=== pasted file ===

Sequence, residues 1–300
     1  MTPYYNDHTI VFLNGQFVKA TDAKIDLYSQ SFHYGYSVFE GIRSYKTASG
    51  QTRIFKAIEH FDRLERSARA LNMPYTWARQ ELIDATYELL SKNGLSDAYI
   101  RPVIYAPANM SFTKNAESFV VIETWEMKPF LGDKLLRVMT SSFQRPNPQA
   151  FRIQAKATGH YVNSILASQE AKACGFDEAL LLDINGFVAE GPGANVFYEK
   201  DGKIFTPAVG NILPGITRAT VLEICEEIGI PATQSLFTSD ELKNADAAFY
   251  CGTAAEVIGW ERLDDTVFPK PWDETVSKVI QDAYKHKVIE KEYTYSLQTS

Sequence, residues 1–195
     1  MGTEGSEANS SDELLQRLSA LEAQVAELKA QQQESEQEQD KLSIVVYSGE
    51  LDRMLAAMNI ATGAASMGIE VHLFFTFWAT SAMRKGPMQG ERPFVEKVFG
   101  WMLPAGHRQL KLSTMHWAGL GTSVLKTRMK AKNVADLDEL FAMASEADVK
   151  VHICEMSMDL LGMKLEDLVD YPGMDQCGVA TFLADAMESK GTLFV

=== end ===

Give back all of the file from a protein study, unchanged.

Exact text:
Sequence, residues 1–300
     1  MTPYYNDHTI VFLNGQFVKA TDAKIDLYSQ SFHYGYSVFE GIRSYKTASG
    51  QTRIFKAIEH FDRLERSARA LNMPYTWARQ ELIDATYELL SKNGLSDAYI
   101  RPVIYAPANM SFTKNAESFV VIETWEMKPF LGDKLLRVMT SSFQRPNPQA
   151  FRIQAKATGH YVNSILASQE AKACGFDEAL LLDINGFVAE GPGANVFYEK
   201  DGKIFTPAVG NILPGITRAT VLEICEEIGI PATQSLFTSD ELKNADAAFY
   251  CGTAAEVIGW ERLDDTVFPK PWDETVSKVI QDAYKHKVIE KEYTYSLQTS

Sequence, residues 1–195
     1  MGTEGSEANS SDELLQRLSA LEAQVAELKA QQQESEQEQD KLSIVVYSGE
    51  LDRMLAAMNI ATGAASMGIE VHLFFTFWAT SAMRKGPMQG ERPFVEKVFG
   101  WMLPAGHRQL KLSTMHWAGL GTSVLKTRMK AKNVADLDEL FAMASEADVK
   151  VHICEMSMDL LGMKLEDLVD YPGMDQCGVA TFLADAMESK GTLFV